Participants will ask as many of the following questions as time allows:

1. How long does it take to get back to Earth?
2. What encouraged you to be a scientist?
3. How does it feel to be in space?
4. What do you do in space when there's danger?
5. Do you celebrate any holidays up in space?
6. What did you study when you were growing up?
7. What do you need to be worried or alert about when on a spaceship?
8. What are the most important jobs in the space station?
9. Do the astronauts at the ISS get older faster or slower, or is aging      
   the same?
10. How do you communicate with your family, and do you ever miss them?
11. How do you sleep, and in what do you sleep?
12. When you were young, did you want to be an astronaut?
13. How did you become an astronaut?
14. What do you do when you take a break in space?
15. Can you do your work in space without your work floating away?
16. Who would you thank for helping you to accomplish your dreams?
17. How do you get ready to go into space?
18. How is it that you guys get your food supply?
19. Is it dangerous to flip upside down after you are finished eating?
20. How did you feel saying goodbye to your family and boarding the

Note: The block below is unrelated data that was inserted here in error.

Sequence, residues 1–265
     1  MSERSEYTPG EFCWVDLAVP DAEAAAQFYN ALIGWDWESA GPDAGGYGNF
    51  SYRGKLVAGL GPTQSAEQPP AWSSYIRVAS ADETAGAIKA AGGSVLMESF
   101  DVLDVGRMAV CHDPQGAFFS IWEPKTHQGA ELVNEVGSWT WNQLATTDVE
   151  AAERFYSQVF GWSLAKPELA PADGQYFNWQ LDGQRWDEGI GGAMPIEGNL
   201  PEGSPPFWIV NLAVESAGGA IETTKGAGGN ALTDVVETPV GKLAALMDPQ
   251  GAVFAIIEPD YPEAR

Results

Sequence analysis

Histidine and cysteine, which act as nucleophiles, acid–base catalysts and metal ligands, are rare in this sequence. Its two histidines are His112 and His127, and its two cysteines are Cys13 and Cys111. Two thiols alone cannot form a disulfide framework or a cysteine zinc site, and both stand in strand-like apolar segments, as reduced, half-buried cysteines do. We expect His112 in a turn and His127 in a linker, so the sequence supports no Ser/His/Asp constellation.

space station?

 PLEASE CHECK THE FOLLOWING FOR MORE INFORMATION ON ARISS UPDATES:

       Visit ARISS on Facebook. We can be found at Amateur Radio on the
      International Space Station (ARISS).

      To receive our Twitter updates, follow @ARISS_status

Next planned event(s):

  1. Farmwell Station Middle School Space Dreamers, Ashburn, VA, direct
     via K4LRG

     The ISS callsign is presently scheduled to be NA1SS
     The scheduled astronaut is Drew Morgan KI5AAA
     Contact is go for: Tue 2019-10-29 15:01 UTC
     Starting at about 14:15 UTC, watch for live stream at:
     https://live.myvrspot.com/player?udi=bG91ZG91bg==&c=ZmFybWlzcw==

About ARISS

Amateur Radio on the International Space Station (ARISS) is a cooperative venture of international amateur radio societies and the space agencies that support the International Space Station (ISS).  In the United States, sponsors are the Radio Amateur Satellite Corporation (AMSAT), the American Radio Relay League (ARRL), the ISS National Lab and National Aeronautics and Space Administration (NASA). The primary goal of ARISS is to promote exploration of science, technology, engineering, and mathematics (STEM) topics by organizing scheduled contacts via amateur radio between crew members aboard the ISS and students in classrooms or public forms. Before and during these radio contacts, students, educators, parents, and communities learn about space, space technologies, and amateur radio. For more information, see www.ariss.org.

Thank you & 73,
David - AA4KN

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Phil
 

Thanks for this info, Greg. My XYL and I enjoyed listening to commander Parmitano. An HT worked just fine.

-Phil